It often takes a major event to catalyze change. Whether violent conflict or a major storm, seeing the worst often pushes us to make difficult decisions for the better.
While we wait to see what lasting impact—if any—Hurricane Sandy has on environmental policy in the U.S., it is helpful to look to Asia and reflect on a storm that literally pushed cloistered Burma toward reform.
Cyclone Nargis, which quickly overwhelmed the least developed Southeast Asian state on May 2nd, 2008, provided the necessary spark for a politically troubled government’s reforms to take place.
At that time, participatory politics and stronger institutions were desperately needed in Burma to more effectively deal with the threat of increasingly intense tropical cyclones in Asia.
I happened to be in Yangon at the time of Nargis, a storm that would result, in conservative estimates, 138,000 people killed or missing. Millions more were left without housing or clean water, and the livelihoods of thousands of families were destroyed. The low-lying, and heavily irrigated Irrawaddy Delta region, south of the country’s capital, was especially badly hit.
As information began to trickle out of the country, widely held views in the international community of the country’s repressive policies and opacity were confirmed. The storm evidenced the ill-equipped nature of the government and its lack of capacity in recovering from such a significant catastrophe.
Worried about western-led pro-democracy plots to usurp its power, Burma’s government waited for days before allowing any outside assistance.
The day Cyclone Nargis hit, the New Light of Myanmar, a government-controlled English language daily, focused heavily on the impending constitutional referendum, aimed at solidifying the military’s role in government. The banner headline read, “To approve the State Constitution is a national duty of the entire people today.” Mention of the impending Cyclone Nargis could only be found buried in a weather report that called for “Some rain and thundershowers.”
On May 10th, eight short days after the storm hit, the government proceeded with its vote. It determined that 92% of eligible voters were in favor of the new constitution in elections considered by international and domestic observers to be fraudulent. Just six months before Nargis, monks took to the streets as part of the Saffron Revolution, calling for political reform. Burma’s ruling generals were keen to further assert their strength in the face of lingering domestic unrest.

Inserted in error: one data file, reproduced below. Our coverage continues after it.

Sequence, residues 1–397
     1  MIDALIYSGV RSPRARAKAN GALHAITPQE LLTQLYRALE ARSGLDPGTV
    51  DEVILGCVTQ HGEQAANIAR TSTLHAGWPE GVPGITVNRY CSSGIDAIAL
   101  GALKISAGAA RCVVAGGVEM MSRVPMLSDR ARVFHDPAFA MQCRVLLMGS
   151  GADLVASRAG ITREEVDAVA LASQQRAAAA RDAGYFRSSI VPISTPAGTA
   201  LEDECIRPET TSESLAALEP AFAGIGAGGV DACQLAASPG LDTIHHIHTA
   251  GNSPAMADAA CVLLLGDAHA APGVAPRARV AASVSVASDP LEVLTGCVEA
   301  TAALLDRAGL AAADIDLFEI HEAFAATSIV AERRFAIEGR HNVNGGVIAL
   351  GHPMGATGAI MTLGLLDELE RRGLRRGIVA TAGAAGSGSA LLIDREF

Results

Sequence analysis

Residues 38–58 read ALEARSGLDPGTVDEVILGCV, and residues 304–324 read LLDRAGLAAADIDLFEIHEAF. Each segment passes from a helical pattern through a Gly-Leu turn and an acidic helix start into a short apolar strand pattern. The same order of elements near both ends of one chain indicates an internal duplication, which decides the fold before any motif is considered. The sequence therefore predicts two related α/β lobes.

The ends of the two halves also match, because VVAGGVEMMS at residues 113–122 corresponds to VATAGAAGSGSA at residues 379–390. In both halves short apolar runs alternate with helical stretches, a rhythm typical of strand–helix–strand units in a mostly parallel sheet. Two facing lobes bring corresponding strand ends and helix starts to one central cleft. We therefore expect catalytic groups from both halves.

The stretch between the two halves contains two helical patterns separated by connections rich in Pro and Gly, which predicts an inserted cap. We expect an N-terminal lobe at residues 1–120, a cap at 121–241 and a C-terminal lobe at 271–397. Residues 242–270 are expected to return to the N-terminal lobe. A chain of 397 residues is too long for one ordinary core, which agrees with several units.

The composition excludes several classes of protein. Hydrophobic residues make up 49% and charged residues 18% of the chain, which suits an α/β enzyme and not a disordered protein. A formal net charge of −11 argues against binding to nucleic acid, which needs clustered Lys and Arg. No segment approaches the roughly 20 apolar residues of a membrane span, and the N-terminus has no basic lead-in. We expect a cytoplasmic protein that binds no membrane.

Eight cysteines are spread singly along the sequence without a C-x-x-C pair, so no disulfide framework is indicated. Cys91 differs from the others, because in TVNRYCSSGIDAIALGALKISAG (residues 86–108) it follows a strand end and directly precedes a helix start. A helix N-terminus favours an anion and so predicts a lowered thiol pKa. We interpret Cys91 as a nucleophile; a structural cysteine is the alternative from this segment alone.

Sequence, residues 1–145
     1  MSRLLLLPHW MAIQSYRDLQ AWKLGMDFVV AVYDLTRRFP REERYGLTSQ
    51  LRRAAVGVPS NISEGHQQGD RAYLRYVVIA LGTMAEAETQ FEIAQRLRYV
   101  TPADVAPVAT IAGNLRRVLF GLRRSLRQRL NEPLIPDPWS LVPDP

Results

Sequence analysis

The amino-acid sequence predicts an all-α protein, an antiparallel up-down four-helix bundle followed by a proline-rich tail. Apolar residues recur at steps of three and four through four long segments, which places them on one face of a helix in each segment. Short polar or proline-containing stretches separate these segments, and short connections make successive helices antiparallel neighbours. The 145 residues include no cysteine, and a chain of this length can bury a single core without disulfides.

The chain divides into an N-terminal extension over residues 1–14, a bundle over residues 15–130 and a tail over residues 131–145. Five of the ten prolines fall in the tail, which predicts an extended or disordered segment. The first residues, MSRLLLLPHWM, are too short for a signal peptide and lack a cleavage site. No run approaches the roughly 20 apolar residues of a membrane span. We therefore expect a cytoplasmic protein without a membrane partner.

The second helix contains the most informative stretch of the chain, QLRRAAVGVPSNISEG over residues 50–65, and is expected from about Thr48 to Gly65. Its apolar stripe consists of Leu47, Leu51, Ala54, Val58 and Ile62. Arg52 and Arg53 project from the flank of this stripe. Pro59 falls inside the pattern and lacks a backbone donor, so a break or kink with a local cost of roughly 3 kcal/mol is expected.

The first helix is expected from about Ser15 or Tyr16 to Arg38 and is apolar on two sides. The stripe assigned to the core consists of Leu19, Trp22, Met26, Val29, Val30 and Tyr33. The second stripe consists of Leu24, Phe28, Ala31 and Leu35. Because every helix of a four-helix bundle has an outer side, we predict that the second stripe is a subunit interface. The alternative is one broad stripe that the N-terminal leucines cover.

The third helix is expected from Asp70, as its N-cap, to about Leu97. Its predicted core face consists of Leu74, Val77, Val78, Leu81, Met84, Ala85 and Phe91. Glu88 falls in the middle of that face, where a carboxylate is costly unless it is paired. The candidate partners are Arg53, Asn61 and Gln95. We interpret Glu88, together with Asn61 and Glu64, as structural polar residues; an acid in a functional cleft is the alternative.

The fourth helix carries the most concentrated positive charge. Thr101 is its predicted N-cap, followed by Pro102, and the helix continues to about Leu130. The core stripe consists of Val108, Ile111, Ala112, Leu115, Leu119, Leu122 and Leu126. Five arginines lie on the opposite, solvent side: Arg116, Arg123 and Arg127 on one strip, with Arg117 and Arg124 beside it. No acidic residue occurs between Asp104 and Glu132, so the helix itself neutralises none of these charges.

While the constitutional referendum may have been ill-timed and undemocratic, Nargis also ushered in a period of change. As the International Crisis Group reported, “The massive devastation caused by cyclone Nargis has prompted a period of unprecedented cooperation between the government and international humanitarian agencies to deliver emergency aid to the survivors.”
In particular, the Association of Southeast Asian Nations (ASEAN), took the lead in organizing the humanitarian response. As ASEAN Secretary General Surin Pitsuwan said in a Myanmar Times interview earlier this year, the international presence at a donor conference after Nargis “reassured Myanmar that the world was not altogether hostile and was willing to make exceptions.”
The country’s opening to the outside world in the last twelve months in particular, occurred faster than nearly anyone could have imagined.
Sandy: A New Beginning for U.S. Climate Policy?
While Hurricane Sandy will not cost as many lives as Nargis, nor will it chart a new course for democratic politics in this country, the billions of dollars in damage it caused may present an opening for policymakers wishing to persuade climate skeptics of the dangers associated with warmer waters and rising sea levels.
The less visible, but equally devastating, slow-onset disasters such as the drought that hit America’s Midwest this year, impact worldwide food prices and require similarly urgent global action toward their prevention.
Unfortunately the climate debate is thus far mostly driven by developing world states, with the economically developed world refusing to sign onto binding measures with respect to carbon emissions.
As Sheikh Hasina, Bangladesh’s Prime Minister, and Jose Maria Figures, the former President of Costa Rica, wrote in the recently released Climate Vulnerability Monitor, “Despite having contributed the least to climate change” developing states are, “forced, almost unaided, to take costly measures to protect our people and our economies.”
Many people recognize what rich nations should be doing with respect to climate change. The harder question is getting rich nations to commit, given the costs involved.
This is in spite of the fact that a failure to act will result, as Hasina and Figueres write, in “declining prosperity and immense suffering” on a global basis.
As many articles published in the last couple of days suggest, Sandy’s strength was likely magnified by a variety of factors resulting from a warmer planet.
Climate change – from which no country is immune – is a great equalizer, and perhaps with Sandy we can better understand the type of suffering that afflicts Asia with ever-increasing severity on an annual basis. Sandy has proven, as with Hurricane Katrina and other storms before it, that America, perhaps home to the best disaster response capabilities in the world, can too be crippled by extreme weather.
In the Northeastern U.S. this week, millions felt the pain of widespread environmental destruction. We should seize this moment to support leadership that emphasizes responsible climate policy to protect not only ourselves, but also our fellow-man in regions where governments are much less well equipped to manage disasters such as this.
Andrew Billo is Assistant Director Policy Programs at the Asia Society’s New York Headquarters.